chamber, but is not forced through the media, encouraging the diffusion process and preventing the media from becoming clogged (Jaubert, 1991). The confined water behind the partition in these reactor tanks has an average oxygen concentration of 1 mg/L. If it should rise above 1.5 mg/L, denitrification is incomplete, producing excess nitrite. If it should fall below 0.5 mg/L, the production of toxic hydrogen sulfide occurs. The thickness of the sand layer or fibrous material used determines the oxygen level, because the reactors are also illuminated and aerated, to maintain high oxygen content in the circulating water above the sand or fibrous material (Jaubert, 1991)-
Burrowing animals in the sand break down large organic debris into DOC, and dissolved nitrogenous compounds. The nitrogenous waste is mineralized by aerobic bacteria, producing nitrite and nitrate that diffuses downward into the anaerobic layers. There the heterotrophic denitrifying bacteria convert nitrite and nitrate to nitrogen gas, while using organic matter from the water as a food source (Jaubert, 1989). Acid secretions by bacteria and other organisms in the substrate are neutralized by the calcareous sand, causing it to dissolve, and the resulting input of calcium ions in the water seems to be adequate to maintain high, stable calcium levels despite excellent growth of the hard corals in the system. Some sand must be replenished periodically, of course (Jaubert, 1991). The use of DOC for food by heterotrophic anaerobic bacteria, and some "unknown process" removes yellowing substances from the water. (Jaubert, 1989, 1991).
It is interesting that Jaubert (1989) refers to the substrate in the tank as "living sand". This is the same term used by Riseley (1971), in a book describing the methodology of Lee Chin Eng. Riseley stressed the importance of lighting, live rock, and "live sand" taken directly from the reef. Presumably this sand contains organisms like the ones Jaubert uses in his system. Walter Acley, whose system we shall describe shortly, also is a proponent of live sand. Some of the microorganisms and worms that live in the sand should also be present in live rocks, which are often collected in sandy areas. These organisms will colonize the bottom sand layer. We should point out as well that thick live rocks with large hollow spaces inside will work to denitrify the water by the same diffusion principle as Jaubert's system, and thick sand layers on the bottom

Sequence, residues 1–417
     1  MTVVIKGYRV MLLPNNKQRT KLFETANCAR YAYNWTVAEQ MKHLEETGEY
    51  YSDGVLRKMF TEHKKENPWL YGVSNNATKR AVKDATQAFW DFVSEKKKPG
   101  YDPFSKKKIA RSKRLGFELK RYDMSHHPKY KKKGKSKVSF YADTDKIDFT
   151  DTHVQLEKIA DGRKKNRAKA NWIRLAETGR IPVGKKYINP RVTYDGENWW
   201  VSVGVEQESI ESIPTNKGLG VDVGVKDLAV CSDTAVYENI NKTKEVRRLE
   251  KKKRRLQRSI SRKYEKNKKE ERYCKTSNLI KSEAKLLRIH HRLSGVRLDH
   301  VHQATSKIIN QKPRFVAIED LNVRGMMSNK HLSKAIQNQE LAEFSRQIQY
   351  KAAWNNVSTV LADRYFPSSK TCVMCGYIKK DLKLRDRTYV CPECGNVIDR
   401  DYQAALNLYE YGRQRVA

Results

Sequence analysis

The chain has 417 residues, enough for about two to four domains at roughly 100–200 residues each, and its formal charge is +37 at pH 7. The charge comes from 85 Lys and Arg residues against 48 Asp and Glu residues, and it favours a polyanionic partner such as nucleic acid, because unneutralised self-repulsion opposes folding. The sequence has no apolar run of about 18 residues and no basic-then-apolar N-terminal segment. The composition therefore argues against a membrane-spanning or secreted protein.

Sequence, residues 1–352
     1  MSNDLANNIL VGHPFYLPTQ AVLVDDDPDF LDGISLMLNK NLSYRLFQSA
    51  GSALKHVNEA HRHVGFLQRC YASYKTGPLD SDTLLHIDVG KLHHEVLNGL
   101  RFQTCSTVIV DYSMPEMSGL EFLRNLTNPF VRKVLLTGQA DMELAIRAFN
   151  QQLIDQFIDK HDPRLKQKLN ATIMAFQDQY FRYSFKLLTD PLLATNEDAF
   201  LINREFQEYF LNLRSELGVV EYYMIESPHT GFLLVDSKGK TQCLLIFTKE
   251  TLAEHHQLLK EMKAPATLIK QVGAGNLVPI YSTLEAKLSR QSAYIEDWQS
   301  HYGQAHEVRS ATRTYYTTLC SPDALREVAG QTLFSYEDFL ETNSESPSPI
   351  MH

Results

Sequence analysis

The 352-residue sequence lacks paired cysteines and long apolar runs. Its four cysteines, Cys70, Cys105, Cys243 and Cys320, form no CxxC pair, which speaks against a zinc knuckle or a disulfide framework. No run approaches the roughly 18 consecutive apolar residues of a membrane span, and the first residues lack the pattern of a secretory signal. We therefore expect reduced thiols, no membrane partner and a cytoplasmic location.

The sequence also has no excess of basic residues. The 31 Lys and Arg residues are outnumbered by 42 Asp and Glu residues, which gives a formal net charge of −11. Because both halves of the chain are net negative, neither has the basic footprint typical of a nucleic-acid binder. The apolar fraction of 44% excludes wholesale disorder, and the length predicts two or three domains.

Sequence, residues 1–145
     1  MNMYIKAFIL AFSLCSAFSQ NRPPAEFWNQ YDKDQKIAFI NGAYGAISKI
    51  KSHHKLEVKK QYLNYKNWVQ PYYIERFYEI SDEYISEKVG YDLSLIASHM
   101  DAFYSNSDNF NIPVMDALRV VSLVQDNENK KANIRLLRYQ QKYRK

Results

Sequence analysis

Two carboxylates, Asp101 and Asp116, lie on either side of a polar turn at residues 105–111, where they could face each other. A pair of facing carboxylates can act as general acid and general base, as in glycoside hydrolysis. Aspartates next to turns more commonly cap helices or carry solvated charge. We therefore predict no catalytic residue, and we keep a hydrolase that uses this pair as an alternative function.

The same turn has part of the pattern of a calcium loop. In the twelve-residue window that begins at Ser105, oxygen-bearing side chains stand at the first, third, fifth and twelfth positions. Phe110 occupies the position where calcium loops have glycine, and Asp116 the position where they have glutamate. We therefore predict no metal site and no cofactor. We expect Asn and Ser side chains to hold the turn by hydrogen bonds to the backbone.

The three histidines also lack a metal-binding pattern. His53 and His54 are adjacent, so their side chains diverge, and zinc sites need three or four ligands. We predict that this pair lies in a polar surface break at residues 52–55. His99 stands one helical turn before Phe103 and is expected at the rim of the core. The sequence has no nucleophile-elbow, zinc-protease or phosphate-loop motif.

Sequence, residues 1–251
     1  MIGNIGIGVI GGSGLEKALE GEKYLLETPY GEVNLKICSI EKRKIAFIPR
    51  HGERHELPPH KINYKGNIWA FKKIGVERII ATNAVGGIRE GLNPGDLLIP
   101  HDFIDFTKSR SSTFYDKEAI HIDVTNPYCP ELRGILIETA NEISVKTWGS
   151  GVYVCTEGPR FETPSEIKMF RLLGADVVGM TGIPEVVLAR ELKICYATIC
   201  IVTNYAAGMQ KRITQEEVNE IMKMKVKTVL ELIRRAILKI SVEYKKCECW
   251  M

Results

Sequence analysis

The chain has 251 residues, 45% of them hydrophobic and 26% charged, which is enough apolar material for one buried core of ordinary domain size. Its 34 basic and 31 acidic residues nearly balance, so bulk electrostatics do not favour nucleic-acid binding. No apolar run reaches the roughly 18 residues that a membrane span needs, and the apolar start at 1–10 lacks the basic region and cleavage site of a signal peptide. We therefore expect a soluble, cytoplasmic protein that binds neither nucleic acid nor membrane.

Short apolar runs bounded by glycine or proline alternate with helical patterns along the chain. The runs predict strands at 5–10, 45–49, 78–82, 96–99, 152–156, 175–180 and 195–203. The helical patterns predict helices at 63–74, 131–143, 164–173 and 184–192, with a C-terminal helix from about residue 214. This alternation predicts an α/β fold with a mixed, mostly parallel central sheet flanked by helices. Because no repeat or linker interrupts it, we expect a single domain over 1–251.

without a partitioned off confined water compartment will also denitrify the water. We have not experimented to determine whether the confined water space offers special advantages.
Water chemistry parameters for a 2 m- system set up by Jaubert were recorded for a 4 year period with no water changes. This test aquarium contained numerous growing hard corals, soft corals, anemones, and several large fish. Lighting was from natural sunlight for 4 to 5 hours per day, and from 5 Osram HQI(R) TS 250 W/D lamps ( Jaubert and Gattuso, 1989). Nitrate levels, after an initial value of 0.350 mg/L, dropped steadily to a level of 0.013 mg/L after four years. Ammonium and nitrite levels remained close to 0.001 mg/L. The pH of the wrater varied daily, with a typical morning low of 7.8 and an afternoon high of 8.25. Calcium ion concentration peaked at 480 to 520 mg/L, but never fell below 460 mg/L ( Jaubert, 1989, 1991). Jaubert (1992) discusses variation in the pH and calcium ion concentration in his systems, and proposes that low pH at night further allows some calcium carbonate from the coral sand substrate to dissolve.
Dr. Jaubert's experimental system photograped in 1989. T. A. Frakes.
The success of this system is evident, and the growth of the hard corals has been well documented (Jaubert and Gattuso, 1989). A 40 m3 aquarium has been set up with coral fragments cemented to the walls, and growth is so good that the corals are being farmed (Jaubert et al., 1992).
aquarium literature for quite some time (Brandenburg, 1968, Wilkens, 1975, deGraaf, 1968). For an excellent review of the
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